Okay, I’ve gone on about the future of design both on this blog (as recently as earlier today actually… well, kinda), and on the Core77 design forums and elsewhere. If the Industrial Design community doesn’t want to listen to me, read these clips from an entry on WorldChanging.com (Link):
As fabrication technologies take on an increasingly digital form, this distinction will become less clear. When I send you a copy of Firefox, what I’m actually sending is a set of instructions telling your computer how to organize bits of magnetic material on a hard drive to create another instantiation of Firefox. Similarly, at some point in the next decade or two, I will be able to send you a “copy” of my phone simply by sending a set of instructions telling your computer how to organize bits of carbon in a desktop nanofactory to create another instantiation of a phone. Very soon, a more software-like open source physical world paradigm will become possible.
But what will really make a big difference will be the emergence of tools allowing you to take that set of instructions for the phone and modify it to meet your particular needs prior to it being printed out.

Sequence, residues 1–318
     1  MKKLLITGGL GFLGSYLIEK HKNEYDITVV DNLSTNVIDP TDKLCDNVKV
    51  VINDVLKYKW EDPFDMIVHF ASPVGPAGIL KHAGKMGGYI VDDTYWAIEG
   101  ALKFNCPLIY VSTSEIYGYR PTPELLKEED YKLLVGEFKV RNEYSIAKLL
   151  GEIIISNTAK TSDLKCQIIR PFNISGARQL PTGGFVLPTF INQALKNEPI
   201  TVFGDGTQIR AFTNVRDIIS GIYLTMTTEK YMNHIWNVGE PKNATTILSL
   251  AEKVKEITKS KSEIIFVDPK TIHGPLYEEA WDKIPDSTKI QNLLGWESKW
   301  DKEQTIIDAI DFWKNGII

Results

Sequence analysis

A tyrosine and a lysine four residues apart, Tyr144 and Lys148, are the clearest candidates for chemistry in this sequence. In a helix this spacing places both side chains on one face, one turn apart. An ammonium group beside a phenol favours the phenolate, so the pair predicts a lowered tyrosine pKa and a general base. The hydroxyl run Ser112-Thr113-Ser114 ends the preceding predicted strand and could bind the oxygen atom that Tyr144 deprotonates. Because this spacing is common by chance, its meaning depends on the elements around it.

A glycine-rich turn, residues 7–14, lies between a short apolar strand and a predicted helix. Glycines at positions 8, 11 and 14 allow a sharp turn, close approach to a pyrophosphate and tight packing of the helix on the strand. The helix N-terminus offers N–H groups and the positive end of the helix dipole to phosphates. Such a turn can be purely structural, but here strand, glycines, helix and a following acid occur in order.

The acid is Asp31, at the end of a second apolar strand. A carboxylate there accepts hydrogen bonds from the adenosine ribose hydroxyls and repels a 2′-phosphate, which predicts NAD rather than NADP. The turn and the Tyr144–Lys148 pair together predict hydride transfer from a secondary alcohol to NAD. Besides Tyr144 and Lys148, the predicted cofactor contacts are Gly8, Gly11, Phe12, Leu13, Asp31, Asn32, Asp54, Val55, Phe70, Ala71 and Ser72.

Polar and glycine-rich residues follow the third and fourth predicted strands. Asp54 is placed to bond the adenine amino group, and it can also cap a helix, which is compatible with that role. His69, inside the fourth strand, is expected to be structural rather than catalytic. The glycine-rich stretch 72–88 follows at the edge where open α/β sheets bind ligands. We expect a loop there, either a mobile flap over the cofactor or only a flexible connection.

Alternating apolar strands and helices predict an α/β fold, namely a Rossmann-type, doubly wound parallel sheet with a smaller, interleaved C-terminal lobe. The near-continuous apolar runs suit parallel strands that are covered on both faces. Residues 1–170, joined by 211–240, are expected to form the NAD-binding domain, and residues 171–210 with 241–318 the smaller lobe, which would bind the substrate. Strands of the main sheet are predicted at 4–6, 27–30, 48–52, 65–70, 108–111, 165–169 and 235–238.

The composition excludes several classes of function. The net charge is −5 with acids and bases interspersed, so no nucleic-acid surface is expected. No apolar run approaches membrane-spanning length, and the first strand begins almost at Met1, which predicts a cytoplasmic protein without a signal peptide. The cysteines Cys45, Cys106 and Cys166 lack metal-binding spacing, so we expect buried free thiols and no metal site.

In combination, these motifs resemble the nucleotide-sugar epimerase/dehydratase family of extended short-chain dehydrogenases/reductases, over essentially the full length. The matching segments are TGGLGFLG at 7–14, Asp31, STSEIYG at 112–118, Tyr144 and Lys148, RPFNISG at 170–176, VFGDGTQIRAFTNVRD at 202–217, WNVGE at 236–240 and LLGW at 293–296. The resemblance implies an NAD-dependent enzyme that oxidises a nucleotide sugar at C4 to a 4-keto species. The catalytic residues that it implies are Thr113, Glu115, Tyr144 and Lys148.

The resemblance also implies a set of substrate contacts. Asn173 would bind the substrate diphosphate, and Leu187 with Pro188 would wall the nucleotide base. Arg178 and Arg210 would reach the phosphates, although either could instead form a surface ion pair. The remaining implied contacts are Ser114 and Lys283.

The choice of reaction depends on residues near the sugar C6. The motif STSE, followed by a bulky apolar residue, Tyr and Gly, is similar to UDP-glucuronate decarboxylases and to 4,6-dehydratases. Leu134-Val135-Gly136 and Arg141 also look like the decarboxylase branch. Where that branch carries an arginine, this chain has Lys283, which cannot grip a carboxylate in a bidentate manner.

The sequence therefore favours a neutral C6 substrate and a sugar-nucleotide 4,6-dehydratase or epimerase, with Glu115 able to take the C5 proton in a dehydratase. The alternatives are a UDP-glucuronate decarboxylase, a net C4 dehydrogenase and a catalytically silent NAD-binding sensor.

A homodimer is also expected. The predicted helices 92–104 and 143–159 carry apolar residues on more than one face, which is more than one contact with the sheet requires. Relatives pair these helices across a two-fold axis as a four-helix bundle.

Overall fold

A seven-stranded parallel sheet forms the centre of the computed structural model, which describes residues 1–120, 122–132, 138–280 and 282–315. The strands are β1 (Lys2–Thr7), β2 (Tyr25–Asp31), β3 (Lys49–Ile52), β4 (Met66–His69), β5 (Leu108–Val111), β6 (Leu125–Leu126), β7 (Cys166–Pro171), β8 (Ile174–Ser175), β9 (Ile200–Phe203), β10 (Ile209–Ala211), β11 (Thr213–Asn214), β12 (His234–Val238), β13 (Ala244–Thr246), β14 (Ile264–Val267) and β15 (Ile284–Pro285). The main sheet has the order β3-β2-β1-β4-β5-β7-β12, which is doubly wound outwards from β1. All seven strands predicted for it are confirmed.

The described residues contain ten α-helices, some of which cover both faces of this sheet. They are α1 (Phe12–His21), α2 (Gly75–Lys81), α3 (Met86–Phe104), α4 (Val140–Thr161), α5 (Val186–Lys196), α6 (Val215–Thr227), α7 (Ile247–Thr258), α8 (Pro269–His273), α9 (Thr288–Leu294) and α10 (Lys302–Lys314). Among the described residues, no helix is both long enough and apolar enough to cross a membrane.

I suspect that professional product or architectural designers are already sharpening their knives — clearly, this is a scenario in which everyday citizens don’t necessarily need the full range of services from designers to accomplish some otherwise moderately sophisticated tasks. But just as it’s possible but not desirable to use the tools to modify Firefox in order to use it as a word processor, these “plug-ins” for physical objects wouldn’t be a substitute for dedicated design. Furthermore, someone has to come up with the code for how the plug-ins work in the first place — this scenario doesn’t eliminate designers, just moves them up the food chain a bit.
Are your knives sharp?